Tag Archives: teacher quality

Yes, There Can Be Such a Thing as Too Many Teachers

Over at Jay Greene’s blog, Greg Forster takes on the issue (via the extraordinary education investigator Mike Antonucci) of states with growing teacher workforces and flat – or even shrinking – student populations: Maryland, for example, expanded its teacher workforce 10 percent from 2001 to 2006, while enrollment grew less than 1 percent. California, which is still carrying around an extremely bloated teacher workforce from its apparently failed experiment in class size reduction, has just announced that it’s cancelling the large majority of its planned teacher layoffs. Greg goes on to point out that growing teacher-to-student ratios largely have not resulted in smaller class sizes – in part because teachers have their classroom time limited or some are working in non-classroom positions. So who gets the best of this arrangement? Well, the teachers’ unions make out like bandits. More teachers means bigger budgets without the hassle of selling the membership on dues hikes, and more political clout because the public school gravy train is larger. Jay Greene himself has made the point that to an extent more teachers in the system pushes down the overall quality of the teaching workforce, because there is a limited pool of talent. It’s just […]


Denver Should Go Forward in Rewarding the Best Teachers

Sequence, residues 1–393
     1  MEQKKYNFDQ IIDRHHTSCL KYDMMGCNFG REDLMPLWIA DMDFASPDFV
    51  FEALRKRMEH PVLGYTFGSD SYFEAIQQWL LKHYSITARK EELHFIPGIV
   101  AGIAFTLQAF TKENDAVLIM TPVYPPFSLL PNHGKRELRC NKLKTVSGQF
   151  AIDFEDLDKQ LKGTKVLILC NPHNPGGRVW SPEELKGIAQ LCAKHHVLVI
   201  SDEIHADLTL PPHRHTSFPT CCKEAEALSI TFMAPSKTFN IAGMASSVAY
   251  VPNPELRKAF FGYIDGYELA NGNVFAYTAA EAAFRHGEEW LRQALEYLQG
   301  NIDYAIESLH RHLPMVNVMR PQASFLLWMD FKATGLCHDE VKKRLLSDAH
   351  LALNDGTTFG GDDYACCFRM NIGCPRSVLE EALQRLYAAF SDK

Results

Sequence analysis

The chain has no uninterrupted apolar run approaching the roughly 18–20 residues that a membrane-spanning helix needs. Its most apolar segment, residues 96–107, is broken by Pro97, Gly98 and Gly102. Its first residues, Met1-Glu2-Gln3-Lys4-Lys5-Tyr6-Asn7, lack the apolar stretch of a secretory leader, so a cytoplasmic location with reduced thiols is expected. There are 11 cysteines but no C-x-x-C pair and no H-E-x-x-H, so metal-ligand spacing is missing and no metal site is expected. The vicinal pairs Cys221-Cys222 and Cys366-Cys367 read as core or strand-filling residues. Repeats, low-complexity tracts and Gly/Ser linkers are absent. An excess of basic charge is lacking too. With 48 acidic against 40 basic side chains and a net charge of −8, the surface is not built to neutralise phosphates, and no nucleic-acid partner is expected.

The Denver Post says that the city’s teachers union is about ready to throw under the bus an innovative pay plan, including huge pay raises for newer teachers: Talks fell apart May 16, and teachers Monday petitioned the Colorado Department of Labor to take over negotiations — an initial step before a strike could be called. Perhaps the most contentious issue is ProComp — the system that has caught the eye of national education experts as a merit-pay plan embraced by the union…. Under the district proposal, a teacher would get $3,000 for working at a high-poverty school, choosing a hard-to-fill position such as special education or math, or teaching in a high-performing school. Sixty-three percent of teachers would get three or more incentives, DPS officials say. On average, teachers would receive $6,000 in incentives, said Tom Boasberg, DPS chief operations officer. Annual starting pay would rise from $35,000 to $44,000. District officials want to pay teachers more for good performance and to recruit top-notch teachers with higher salaries. Kids like me all over Colorado need high-quality teachers to give us the best educational advantages we can get. I hope the two sides can come to an agreement that benefits […]